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Keith Emerson: Farewell To The Keyboard Genius

Classic Rock pays tribute to a unique talent and the keyboard player with The Nice, ELP and many other projects, who tragically took his own life in March.

Rock stars seem to be passing away with appalling regularity these days. This year’s abnormally high fatality rate has already claimed David Bowie, Glenn Frey, Paul Kantner, Dale Griffin and Jimmy Bain, among others, struck down by physical illnesses that refused to quit.

The manner of Keith Emerson’s recent demise, however, seems particularly tragic. On March 10, the 71-year-old died from a self-inflicted gunshot wound at his home in Santa Monica. After officially logging Emerson’s case as a suicide, the Los Angeles County coroner’s report listed further significant causes of death as heart disease and depression, caused by chronic alcohol use.

The overwhelming public reaction to his death was one of shock. But for those closer to him, there had been, for some time, signs that all had not quite been as it should in Keith Emerson’s life. His girlfriend, Mari Kawaguchi, revealed to The Daily Mail that a forthcoming gig in Japan had left the keyboardist “tormented with worry” after long‑standing nerve problems in his right hand and arm appeared to be getting worse. Despite undergoing an operation some years ago, she said, Emerson was still in pain and concerned that his musical capabilities were being steadily eroded. “He was planning to retire after Japan,” Kawaguchi is quoted as saying. “He was a perfectionist and the thought that he wouldn’t play perfectly made him depressed, nervous and anxious.”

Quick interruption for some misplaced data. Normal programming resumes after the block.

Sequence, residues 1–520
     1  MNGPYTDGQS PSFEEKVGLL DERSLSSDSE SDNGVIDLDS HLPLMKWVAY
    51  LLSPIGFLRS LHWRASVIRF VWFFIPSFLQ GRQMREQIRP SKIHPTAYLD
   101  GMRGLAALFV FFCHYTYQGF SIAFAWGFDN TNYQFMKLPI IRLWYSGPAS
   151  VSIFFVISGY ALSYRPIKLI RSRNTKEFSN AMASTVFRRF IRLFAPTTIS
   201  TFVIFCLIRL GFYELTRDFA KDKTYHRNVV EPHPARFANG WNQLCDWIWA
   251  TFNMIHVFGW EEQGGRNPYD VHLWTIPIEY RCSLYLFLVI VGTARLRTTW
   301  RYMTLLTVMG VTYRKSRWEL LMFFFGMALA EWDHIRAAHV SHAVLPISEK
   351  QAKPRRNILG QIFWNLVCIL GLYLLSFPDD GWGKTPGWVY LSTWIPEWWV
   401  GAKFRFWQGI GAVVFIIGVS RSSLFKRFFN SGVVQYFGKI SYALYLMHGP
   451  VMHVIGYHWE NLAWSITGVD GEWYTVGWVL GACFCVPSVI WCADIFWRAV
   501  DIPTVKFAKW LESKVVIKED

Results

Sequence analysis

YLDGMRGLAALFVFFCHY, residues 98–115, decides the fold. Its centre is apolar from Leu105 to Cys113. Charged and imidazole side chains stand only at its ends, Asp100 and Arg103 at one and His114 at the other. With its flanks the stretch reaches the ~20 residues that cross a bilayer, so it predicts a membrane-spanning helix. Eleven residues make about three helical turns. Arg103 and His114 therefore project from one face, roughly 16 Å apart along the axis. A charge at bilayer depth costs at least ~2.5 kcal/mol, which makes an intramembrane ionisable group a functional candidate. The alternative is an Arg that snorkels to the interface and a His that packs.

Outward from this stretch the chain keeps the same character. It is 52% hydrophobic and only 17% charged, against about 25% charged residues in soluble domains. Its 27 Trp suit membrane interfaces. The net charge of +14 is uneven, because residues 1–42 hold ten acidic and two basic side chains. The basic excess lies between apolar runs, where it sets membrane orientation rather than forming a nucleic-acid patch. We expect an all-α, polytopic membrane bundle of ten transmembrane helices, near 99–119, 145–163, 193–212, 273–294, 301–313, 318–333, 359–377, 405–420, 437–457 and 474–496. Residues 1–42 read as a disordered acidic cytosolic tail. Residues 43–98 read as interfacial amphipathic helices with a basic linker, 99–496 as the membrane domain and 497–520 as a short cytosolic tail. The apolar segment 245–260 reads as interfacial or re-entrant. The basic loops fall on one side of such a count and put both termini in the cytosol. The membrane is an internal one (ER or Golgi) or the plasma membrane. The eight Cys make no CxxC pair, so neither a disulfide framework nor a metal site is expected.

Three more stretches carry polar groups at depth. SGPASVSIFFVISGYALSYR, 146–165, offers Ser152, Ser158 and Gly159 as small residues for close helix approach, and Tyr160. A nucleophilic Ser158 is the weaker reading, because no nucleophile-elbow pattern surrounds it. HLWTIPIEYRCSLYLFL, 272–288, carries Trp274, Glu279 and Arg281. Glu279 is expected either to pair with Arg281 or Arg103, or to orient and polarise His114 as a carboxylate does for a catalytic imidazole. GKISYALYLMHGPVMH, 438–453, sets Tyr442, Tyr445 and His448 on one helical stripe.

Author and film producer Jill Gambaro added fuel to this theory when she gave an interview to the LA Weekly just after Emerson’s death. In it, she disclosed that she and Emerson had been in contact two years earlier, when Gambaro was researching her book, The Truth About Carpal Tunnel Syndrome. Their email exchange included Emerson discussing the debilitating nature of focal dystonia, a neurological condition that often affects a group of muscles in the hand and wrist. As a long-term sufferer of repetitive strain injury herself, Gambaro began to discover that it was a serious issue for many musicians of a certain age. “Musicians can’t talk about their injuries because then they won’t get hired anymore,” Emerson wrote. “So there’s a lot of people basically suffering in silence.”

The LA Weekly picked up on one Emerson quote that seemed almost too prophetic: “Nobody wants to employ a session musician with any disability. Some musicians have resorted to suicide.”

It wold be easy to view Emerson’s death as a final, desperate response to this deteriorating condition, but that would be grossly over-simplistic. Rather, as is often the case with such terrible tragedies, it appears more complex than that. “I’m sorry to say it was not wholly shocking to any of us who knew Keith closely,” laments Greg Lake, his former bandmate in Emerson, Lake & Palmer. “It was likely to happen. My recollection is that his depression went back as far as 1977, when we were making [ELP’s] Works Volume 1. I’m not a doctor, but in retrospect there were indications that all was not well. I think Keith was a troubled soul, or at least one side of him was. He was really happy when he was playing, but when he wasn’t playing, he went into a dark place. And that was the problem, really.”

“I believe it was a combination of factors,” Lake continues. “He’d known about his hand since we made In The Hot Seat [1994], so that didn’t come as any shock to him. In any case, Keith was 71 when he died and where did he think he was going? You’d be retiring from active playing at that age, wouldn’t you? So I don’t think that was wholly the story. I think he got very depressed and compensated for that in some ways. And maybe the whole thing just crashed. I think that’s probably nearer the truth.”

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